When he turned to find the next victim for his axe, he spied the other captain across the deck. His white surcoat was spotted with blood and gore, but Victarion could make out the arms upon his breast, the white rose within its red escutcheon. The man bore the same device upon his shield, on a white field with a red embattled border. “You!” the iron captain called across the carnage. “You of the rose! Be you the lord of Southshield?”

  The other raised his visor to show a beardless face. “His son and heir. Ser Talbert Serry. And who are you, kraken?”

  “Your death.” Victarion bulled toward him.

  Serry leapt to meet him. His longsword was good castle-forged steel, and the young knight made it sing. His first cut was low, and Victarion deflected it off his axe. His second caught the iron captain on the helm before he got his shield up. Victarion answered with a sidearm blow of his axe. Serry’s shield got in the way. Wooden splinters flew, and the white rose split lengthwise with a sweet sharp crack. The young knight’s longsword hammered at his thigh, once, twice, thrice, screaming against the steel. This boy is quick, the iron captain realized. He smashed his shield in Serry’s face and sent him staggering back against the gunwale. Victarion raised his axe and put all his weight behind his cut, to open the boy from neck to groin, but Serry spun away. The axehead crashed through the rail, sending splinters flying, and lodged there when he tried to pull it free. The deck moved under his feet, and he stumbled to one knee.

  Ser Talbert cast away his broken shield and slashed down with his longsword. Victarion’s own shield had twisted half around when he stumbled. He caught Serry’s blade in an iron fist. Lobstered steel crunched, and a stab of pain made him grunt, yet Victarion held on. “I am quick as well, boy,” he said as he ripped the sword from the knight’s hand and flung it into the sea.

  Ser Talbert’s eyes went wide. “My sword…”

  Victarion caught the lad about the throat with a bloody fist. “Go and get it,” he said, forcing him backwards over the side into the bloodstained waters.

  That won him a respite to pull his axe loose. The white roses were falling back before the iron tide. Some tried to flee belowdecks, as others cried for quarter. Victarion could feel warm blood trickling down his fingers beneath the mail and leather and lobstered plate, but that was nothing. Around the mast a thick knot of foemen fought on, standing shoulder to shoulder in a ring. These few are men, at least. They would sooner die than yield. Victarion would grant some of them that wish. He beat his axe against his shield and charged them.

  The Drowned God had not shaped Victarion Greyjoy to fight with words at kingsmoots, nor struggle against furtive sneaking foes in endless bogs. This was why he had been put on earth; to stand steel-clad with an axe red and dripping in his hand, dealing death with every blow.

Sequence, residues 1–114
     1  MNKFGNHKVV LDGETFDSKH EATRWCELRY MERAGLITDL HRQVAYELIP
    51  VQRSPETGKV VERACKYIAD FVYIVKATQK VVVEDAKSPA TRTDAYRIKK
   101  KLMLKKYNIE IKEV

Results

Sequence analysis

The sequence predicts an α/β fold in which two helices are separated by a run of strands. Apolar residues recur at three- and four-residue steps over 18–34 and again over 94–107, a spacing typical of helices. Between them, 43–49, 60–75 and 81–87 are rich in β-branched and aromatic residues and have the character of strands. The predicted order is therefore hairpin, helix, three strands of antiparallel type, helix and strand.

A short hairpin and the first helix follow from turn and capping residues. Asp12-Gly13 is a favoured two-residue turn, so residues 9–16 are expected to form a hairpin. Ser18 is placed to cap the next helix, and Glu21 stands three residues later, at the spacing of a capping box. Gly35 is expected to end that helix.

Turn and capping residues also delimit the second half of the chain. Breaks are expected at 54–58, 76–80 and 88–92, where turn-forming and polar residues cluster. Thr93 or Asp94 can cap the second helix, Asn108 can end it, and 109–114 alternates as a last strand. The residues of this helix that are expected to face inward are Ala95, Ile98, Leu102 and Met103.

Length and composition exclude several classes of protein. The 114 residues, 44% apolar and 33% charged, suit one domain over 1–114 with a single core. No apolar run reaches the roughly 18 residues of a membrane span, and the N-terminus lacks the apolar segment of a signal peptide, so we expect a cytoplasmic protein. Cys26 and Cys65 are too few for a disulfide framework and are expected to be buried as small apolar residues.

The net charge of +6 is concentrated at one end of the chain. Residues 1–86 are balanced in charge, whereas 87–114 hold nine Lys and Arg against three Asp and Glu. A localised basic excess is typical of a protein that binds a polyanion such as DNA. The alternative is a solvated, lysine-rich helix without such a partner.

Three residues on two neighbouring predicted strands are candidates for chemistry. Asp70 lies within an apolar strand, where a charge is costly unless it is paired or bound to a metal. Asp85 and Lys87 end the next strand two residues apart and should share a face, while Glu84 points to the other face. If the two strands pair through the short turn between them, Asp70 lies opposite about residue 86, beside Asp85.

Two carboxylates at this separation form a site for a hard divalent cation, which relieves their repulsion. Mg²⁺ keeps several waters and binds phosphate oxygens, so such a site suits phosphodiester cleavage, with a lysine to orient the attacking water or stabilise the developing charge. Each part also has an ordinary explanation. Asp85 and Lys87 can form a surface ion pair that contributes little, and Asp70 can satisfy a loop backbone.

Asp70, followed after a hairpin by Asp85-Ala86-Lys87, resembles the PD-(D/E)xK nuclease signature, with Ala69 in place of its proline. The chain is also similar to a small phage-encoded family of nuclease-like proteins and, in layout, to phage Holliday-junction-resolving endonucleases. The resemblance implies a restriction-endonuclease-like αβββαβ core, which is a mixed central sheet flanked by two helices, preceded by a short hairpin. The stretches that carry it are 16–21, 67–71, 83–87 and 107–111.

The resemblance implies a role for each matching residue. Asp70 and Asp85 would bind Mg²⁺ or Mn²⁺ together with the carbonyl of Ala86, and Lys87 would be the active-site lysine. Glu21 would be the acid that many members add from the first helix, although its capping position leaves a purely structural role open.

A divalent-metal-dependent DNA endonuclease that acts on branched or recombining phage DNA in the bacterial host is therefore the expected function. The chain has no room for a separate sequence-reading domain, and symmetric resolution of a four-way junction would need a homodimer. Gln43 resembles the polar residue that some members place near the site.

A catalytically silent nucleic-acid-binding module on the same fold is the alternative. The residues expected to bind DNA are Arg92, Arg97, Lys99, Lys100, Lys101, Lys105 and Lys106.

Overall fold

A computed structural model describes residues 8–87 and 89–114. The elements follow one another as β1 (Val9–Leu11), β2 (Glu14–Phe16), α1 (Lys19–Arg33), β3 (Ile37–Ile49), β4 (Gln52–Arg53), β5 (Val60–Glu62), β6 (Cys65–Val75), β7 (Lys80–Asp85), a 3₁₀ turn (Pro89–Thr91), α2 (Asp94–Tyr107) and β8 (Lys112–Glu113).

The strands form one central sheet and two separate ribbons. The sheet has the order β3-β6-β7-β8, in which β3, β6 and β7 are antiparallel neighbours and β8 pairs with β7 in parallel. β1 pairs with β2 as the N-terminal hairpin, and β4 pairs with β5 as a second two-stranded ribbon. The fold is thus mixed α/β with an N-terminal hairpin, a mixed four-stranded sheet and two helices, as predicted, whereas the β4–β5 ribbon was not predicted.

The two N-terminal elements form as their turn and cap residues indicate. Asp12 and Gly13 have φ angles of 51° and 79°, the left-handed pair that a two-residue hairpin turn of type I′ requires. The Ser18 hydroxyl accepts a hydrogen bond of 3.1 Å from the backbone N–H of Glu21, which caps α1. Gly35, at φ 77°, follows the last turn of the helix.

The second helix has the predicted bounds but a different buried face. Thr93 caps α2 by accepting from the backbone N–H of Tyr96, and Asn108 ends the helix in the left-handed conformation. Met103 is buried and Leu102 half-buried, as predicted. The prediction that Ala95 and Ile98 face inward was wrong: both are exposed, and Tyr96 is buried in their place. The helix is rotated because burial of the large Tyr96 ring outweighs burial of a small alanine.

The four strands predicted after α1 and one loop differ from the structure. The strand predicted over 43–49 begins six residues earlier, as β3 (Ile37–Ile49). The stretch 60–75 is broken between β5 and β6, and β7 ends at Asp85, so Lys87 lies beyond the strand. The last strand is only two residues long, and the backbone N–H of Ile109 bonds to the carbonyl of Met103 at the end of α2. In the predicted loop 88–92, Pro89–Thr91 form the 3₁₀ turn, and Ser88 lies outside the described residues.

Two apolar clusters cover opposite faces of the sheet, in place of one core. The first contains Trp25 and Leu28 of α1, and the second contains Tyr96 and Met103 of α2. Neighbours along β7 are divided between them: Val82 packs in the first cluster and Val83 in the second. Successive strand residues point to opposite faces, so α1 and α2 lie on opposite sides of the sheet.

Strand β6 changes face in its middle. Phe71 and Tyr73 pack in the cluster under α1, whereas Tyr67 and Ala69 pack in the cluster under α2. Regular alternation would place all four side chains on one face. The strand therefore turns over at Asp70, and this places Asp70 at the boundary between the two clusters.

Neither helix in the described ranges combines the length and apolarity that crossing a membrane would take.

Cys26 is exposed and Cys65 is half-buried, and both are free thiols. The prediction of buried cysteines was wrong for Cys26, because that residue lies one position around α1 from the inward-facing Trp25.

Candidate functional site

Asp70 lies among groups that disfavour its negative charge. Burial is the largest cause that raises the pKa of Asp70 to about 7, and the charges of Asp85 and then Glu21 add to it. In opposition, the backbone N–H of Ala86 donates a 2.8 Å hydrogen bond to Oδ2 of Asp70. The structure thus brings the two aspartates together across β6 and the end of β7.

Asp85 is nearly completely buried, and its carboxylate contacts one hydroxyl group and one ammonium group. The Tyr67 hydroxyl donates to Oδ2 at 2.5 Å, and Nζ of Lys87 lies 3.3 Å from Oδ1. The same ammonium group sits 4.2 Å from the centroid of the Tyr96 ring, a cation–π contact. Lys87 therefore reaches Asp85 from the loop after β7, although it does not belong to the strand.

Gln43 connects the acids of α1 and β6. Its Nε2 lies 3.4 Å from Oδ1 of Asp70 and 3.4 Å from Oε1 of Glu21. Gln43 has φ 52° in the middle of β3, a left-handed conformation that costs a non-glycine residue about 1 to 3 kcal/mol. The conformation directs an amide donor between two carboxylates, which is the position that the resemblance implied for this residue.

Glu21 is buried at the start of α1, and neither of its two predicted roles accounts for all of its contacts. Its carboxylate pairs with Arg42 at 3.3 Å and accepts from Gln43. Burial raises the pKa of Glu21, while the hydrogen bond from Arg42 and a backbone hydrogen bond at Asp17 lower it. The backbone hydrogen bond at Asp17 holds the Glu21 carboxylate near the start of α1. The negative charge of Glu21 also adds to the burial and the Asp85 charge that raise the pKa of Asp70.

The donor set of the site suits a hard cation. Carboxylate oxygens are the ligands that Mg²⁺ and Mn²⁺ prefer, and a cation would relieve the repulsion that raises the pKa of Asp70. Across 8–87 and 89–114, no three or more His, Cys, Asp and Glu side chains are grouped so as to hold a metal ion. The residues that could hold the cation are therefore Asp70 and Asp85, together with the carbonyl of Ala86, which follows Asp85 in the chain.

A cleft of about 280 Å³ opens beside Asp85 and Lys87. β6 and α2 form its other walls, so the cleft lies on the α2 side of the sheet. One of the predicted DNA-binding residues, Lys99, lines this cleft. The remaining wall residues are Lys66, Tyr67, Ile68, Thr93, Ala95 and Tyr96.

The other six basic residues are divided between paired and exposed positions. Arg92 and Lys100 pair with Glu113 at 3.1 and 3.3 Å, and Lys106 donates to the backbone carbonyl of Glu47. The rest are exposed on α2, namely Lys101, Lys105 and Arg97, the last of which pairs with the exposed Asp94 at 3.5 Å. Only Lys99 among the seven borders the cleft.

They hacked at him from front and back, but their swords might have been willow switches for all the harm they did him. No blade could cut through Victarion Greyjoy’s heavy plate, nor did he give his foes the time to find the weak points at the joints, where only
mail and leather warded him. Let three men assail him, or four, or five; it made no matter. He slew them one at a time, trusting in his steel to protect him from the others. As each foe fell he turned his wroth upon the next.

  The last man to face him must have been a smith; he had shoulders like a bull, and one much more muscular than the other. His armor was a studded brigandine and a cap of boiled leather. The only blow he landed completed the ruin of Victarion’s shield, but the cut the captain dealt in answer split his head in two. Would that I could deal with the Crow’s Eye as simply. When he jerked his axehead free again, the smith’s skull seemed to burst. Bone and blood and brain went everywhere, and the corpse fell forward, up against his legs. Too late to plead for quarter now, Victarion thought as he untangled himself from the dead man.

  By then the deck was slick beneath his feet, and the dead and the dying lay in heaps on every side. He threw his shield away and sucked in air. “Lord Captain,” he heard the Barber say beside him, “the day is ours.”

  All around the sea was full of ships. Some were burning, some were sinking, some had been smashed to splinters. Between the hulls the water was thick as stew, full of corpses, broken oars, and men clinging to the wreckage. In the distance, half a dozen of southron longships were racing back toward the Mander. Let them go, Victarion thought, let them tell the tale. Once a man had turned his tail and run from battle he ceased to be a man.

  His eyes were stinging from the sweat that had run down into them during the fight. Two of his oarsmen helped undo his kraken helm so he might lift it off. Victarion mopped at his brow. “That knight,” he grumbled, “the knight of the white rose. Did any of you pull him out?” A lord’s son would be worth a goodly ransom; from his father, if Lord Serry had survived the day. From his liege at Highgarden, if not.

  None of his men had seen what became of the knight after he went over the side, however. Most like the man had drowned. “May he feast as he fought, in the Drowned God’s watery halls.” Though the men of the Shield Islands called themselves sailors, they crossed the seas in dread and went lightly clad in battle for fear of drowning. Young Serry had been different. A brave man, thought Victarion. Almost ironborn.